Can’t avoid this forever and can’t jump out the window. They’d all been boarded up since I got to Mrs. Gill’s (aka The Pond), probably to deter the others from sneaking out and running away. It didn’t work. With or without the bars, we’d all snuck out more times than we could count. Though for some reason, I seemed to be the only who got caught or got in trouble for it.
I stood up and headed toward the living room. My stomach twisted and turned, and I tried ignoring the feeling that I had a black cloud hanging over my head with a bolt of lightning just waiting to strike me down.
Mrs. Gill and two of the other girls (aka the Tadpoles) were sitting on the couch. They both wore the same fake pod-people smiles as Fishface. At the front door, two men in dark suits and dark sunglasses stood like statues. Both of their mouths were set in thin, unhappy lines.
By their matching suits, shoes, and broody expressions, I guessed they were cops. It wasn’t my first encounter with them, and I doubted it’d be the last, but I couldn’t figure out why they wanted me this time. I hadn’t done anything to warrant a visit, unless thinking bad things counted.
And if that’s the case, then I’m guilty as charged.
Maybe Mrs. Gill called in some fake report. She hated me, I hated her, and I wouldn’t put it past her to try something like that to get rid of me.
The men nodded when they spotted me. I gave a nonchalant shrug, then quickly wiped my sweaty hands down my pants. “Yeah?”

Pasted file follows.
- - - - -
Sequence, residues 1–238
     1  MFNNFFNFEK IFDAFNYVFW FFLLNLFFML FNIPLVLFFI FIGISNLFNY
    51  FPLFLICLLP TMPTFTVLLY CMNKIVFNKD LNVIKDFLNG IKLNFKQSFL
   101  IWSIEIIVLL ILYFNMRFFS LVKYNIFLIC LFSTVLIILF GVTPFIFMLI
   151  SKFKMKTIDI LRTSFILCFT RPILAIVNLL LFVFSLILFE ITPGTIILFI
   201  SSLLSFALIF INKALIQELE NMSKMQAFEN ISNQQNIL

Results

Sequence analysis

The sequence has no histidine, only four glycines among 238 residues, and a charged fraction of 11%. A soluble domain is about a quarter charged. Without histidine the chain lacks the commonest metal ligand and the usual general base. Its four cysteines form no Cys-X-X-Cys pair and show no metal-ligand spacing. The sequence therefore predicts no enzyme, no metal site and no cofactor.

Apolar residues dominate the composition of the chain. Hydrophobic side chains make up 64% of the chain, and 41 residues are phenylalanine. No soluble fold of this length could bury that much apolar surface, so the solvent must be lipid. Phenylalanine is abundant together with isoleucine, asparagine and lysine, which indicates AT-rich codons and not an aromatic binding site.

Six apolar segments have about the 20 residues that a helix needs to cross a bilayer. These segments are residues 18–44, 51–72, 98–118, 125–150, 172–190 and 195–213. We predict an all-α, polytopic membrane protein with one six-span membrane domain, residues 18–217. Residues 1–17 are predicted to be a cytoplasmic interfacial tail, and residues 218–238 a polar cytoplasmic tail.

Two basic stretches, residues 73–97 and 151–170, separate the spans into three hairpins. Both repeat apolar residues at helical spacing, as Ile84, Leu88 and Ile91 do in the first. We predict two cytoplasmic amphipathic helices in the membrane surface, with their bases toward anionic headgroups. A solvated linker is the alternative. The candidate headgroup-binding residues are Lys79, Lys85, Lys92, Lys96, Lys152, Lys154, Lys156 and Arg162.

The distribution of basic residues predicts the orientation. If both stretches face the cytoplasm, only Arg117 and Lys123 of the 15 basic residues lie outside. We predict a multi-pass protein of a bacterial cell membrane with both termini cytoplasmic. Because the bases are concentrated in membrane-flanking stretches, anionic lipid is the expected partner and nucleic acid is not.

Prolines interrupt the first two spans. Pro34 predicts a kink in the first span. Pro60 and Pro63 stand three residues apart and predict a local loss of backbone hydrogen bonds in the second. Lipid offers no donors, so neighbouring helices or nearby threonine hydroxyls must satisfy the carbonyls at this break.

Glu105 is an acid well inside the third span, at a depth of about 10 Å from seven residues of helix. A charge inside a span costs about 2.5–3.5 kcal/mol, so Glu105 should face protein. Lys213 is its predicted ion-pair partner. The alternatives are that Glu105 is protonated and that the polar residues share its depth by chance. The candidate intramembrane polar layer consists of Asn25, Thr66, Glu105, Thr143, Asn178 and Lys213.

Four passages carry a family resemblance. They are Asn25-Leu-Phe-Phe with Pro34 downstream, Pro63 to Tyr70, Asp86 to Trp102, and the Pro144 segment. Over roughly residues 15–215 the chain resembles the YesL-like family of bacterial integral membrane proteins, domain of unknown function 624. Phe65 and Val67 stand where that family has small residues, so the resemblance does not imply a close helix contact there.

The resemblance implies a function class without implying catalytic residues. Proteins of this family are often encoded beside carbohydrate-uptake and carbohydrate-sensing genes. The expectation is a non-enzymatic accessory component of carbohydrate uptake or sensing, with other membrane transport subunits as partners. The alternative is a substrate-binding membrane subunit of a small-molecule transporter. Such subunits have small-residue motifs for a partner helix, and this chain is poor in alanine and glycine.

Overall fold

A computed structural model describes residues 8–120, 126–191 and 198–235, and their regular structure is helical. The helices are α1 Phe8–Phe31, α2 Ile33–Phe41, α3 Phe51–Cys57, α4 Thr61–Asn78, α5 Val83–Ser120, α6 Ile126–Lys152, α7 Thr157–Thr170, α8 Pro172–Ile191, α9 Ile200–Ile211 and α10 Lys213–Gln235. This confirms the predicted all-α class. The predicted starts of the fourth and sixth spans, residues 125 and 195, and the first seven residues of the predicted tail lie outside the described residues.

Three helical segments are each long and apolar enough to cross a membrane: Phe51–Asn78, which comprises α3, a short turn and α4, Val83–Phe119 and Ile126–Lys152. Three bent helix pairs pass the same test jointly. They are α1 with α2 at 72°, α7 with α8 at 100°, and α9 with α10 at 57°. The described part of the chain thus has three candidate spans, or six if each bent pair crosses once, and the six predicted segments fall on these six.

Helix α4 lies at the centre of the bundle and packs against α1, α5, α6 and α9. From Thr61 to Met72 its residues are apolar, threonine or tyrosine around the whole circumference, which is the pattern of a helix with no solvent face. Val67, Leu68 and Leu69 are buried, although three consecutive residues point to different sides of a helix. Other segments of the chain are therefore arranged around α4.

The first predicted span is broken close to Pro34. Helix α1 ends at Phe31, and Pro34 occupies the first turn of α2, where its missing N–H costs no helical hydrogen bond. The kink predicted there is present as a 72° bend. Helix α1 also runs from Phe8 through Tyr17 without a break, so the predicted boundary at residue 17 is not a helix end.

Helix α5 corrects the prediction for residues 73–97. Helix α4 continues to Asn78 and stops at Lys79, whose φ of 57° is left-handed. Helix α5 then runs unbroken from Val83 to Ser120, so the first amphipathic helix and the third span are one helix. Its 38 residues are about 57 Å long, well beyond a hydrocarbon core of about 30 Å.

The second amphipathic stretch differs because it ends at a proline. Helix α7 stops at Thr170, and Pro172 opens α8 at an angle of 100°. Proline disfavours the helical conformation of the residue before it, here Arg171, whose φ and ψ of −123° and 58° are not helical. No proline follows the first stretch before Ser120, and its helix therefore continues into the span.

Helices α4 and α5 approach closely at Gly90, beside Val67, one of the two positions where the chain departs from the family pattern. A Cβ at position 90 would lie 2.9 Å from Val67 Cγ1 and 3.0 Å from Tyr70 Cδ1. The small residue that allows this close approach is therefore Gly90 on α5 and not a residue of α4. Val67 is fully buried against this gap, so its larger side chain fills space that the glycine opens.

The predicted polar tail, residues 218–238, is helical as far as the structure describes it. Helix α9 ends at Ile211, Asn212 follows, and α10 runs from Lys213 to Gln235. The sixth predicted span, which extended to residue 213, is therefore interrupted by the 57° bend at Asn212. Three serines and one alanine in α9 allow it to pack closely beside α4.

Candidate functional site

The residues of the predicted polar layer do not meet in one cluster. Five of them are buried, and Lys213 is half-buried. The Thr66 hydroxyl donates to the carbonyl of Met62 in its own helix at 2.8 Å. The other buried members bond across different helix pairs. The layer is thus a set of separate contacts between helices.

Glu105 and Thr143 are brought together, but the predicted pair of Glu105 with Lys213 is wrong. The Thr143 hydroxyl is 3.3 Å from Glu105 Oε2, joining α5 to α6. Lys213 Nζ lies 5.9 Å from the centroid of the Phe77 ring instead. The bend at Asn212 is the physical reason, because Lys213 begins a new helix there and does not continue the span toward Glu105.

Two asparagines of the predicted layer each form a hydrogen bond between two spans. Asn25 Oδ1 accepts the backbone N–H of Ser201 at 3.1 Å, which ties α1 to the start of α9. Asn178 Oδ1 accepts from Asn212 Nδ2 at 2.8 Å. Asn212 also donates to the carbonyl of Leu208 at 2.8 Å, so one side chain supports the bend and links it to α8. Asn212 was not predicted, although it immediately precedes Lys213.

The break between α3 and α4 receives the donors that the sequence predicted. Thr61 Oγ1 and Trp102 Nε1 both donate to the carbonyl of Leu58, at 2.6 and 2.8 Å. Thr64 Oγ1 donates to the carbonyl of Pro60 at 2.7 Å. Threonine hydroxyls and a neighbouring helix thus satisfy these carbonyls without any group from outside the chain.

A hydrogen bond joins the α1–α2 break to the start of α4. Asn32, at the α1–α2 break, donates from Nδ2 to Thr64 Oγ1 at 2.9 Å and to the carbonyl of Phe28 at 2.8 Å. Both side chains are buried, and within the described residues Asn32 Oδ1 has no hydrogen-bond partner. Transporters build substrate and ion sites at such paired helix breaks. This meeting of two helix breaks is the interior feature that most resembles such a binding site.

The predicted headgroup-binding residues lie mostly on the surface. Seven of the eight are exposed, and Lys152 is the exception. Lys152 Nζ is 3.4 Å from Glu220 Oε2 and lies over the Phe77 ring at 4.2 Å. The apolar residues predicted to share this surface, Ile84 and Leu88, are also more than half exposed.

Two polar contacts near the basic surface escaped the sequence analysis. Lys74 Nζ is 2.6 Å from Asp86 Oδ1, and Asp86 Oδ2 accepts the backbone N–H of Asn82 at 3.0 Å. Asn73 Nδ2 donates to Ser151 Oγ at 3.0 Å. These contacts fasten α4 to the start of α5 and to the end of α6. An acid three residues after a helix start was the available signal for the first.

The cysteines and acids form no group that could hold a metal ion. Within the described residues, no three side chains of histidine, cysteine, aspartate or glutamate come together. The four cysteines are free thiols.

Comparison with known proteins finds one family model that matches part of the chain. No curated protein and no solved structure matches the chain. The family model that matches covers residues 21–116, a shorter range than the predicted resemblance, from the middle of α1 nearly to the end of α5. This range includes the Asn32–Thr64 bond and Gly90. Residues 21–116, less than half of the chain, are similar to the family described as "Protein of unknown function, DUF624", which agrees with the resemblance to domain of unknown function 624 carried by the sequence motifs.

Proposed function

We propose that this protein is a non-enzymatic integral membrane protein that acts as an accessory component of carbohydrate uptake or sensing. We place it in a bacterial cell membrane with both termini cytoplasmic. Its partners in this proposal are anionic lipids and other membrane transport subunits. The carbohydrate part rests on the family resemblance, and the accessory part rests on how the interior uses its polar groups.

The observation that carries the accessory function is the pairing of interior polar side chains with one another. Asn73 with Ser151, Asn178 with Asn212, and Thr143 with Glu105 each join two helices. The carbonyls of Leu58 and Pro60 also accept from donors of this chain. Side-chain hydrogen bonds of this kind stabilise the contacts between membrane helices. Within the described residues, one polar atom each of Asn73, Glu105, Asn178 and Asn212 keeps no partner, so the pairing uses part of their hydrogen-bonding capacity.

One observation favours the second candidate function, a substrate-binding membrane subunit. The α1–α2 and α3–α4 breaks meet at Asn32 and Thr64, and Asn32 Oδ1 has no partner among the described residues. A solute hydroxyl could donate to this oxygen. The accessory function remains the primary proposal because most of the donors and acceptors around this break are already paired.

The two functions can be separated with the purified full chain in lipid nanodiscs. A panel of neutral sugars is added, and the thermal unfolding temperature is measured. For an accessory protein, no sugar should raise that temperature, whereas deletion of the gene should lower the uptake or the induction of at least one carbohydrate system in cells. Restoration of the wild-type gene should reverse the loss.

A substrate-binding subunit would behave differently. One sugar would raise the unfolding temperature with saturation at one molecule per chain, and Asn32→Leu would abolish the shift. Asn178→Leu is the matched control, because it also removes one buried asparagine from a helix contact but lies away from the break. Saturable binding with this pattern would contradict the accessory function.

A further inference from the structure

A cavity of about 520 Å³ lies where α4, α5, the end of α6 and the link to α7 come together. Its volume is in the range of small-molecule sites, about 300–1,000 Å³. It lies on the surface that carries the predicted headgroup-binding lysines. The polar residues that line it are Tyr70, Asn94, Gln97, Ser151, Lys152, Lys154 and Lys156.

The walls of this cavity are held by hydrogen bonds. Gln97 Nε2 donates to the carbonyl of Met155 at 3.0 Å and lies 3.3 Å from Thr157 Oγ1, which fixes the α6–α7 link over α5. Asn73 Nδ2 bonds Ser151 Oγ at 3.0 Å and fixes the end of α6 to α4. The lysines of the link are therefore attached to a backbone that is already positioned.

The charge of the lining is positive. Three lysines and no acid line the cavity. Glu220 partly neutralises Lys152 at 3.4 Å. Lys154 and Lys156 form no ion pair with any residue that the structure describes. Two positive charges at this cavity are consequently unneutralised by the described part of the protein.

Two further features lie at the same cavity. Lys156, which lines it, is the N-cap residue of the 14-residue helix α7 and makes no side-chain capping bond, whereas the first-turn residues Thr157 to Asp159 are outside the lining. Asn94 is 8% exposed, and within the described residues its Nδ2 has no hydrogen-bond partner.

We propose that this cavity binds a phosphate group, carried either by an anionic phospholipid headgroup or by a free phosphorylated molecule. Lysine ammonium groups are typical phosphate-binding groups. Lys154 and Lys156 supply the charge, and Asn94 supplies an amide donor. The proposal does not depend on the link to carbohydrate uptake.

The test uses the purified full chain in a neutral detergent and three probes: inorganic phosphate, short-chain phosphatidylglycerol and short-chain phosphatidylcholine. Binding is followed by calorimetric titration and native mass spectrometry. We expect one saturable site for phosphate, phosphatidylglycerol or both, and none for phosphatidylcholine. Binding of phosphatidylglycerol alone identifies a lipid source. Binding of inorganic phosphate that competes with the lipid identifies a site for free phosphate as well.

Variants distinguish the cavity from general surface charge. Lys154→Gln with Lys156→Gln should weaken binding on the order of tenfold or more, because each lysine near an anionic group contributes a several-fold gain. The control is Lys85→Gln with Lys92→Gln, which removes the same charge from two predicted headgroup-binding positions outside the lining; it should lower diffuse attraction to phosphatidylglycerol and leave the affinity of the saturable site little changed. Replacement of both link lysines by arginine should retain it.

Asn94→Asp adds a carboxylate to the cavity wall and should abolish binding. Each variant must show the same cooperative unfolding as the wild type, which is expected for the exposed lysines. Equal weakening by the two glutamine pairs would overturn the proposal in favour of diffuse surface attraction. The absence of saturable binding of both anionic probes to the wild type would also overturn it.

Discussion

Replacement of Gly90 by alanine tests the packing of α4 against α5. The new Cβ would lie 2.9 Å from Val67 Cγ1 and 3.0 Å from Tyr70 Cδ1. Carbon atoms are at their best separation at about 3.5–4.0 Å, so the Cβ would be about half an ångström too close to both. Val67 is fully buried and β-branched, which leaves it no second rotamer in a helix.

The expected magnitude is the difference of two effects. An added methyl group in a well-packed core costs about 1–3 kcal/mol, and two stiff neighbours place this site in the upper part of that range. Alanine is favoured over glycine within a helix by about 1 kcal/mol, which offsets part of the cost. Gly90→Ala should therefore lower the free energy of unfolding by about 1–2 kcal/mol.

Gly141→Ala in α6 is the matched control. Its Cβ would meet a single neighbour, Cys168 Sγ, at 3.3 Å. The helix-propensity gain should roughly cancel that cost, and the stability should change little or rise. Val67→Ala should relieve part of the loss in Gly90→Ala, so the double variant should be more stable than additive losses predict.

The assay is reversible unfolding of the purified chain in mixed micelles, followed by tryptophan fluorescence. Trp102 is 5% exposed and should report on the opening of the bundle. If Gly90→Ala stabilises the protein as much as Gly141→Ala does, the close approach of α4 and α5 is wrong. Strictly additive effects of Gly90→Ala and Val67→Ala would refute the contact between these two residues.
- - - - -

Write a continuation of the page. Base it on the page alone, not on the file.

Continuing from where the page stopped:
The taller of the two men stared at me and lowered his sunglasses, revealing eyes the color of Mrs. Gill’s favorite drink: rum and coke. His hair was brown and shaggy, not quite meeting the suit-and-tie look. He was kinda cute for a cop. “I’m Mr. Holt,” he said, then indicated to his partner. “This is Mr. Walden.”
Mr. Walden had slicked back black hair. He never removed his sunglasses, so I didn’t know what color eyes he had. Of the two, he seemed most comfortable in a suit.
Mr. Holt spared Mrs. Gill a look, and then said, “We’d like a word with you. In private.”
Fishface leaned forward in her seat with an argument ready. She turned her focus to me and smiled thinly. I knew exactly what the woman was thinking, what she was screaming in her head: Don’t go outside with them!
Poor Mrs. Gill. It was hard to spy on a conversation (or direct it) if she wasn’t part of it.
I sent her a smile of my own and then nodded to the men. I didn’t necessarily want to have a word with them—private or otherwise—but since it would drive Mrs. Gill up a wall, it seemed like the better option.
My hands started to sweat more and it had nothing to do with the Florida heat. I rubbed the back of my neck as I followed them out. The shorter of the two—Mr. Walden—held the door open for me.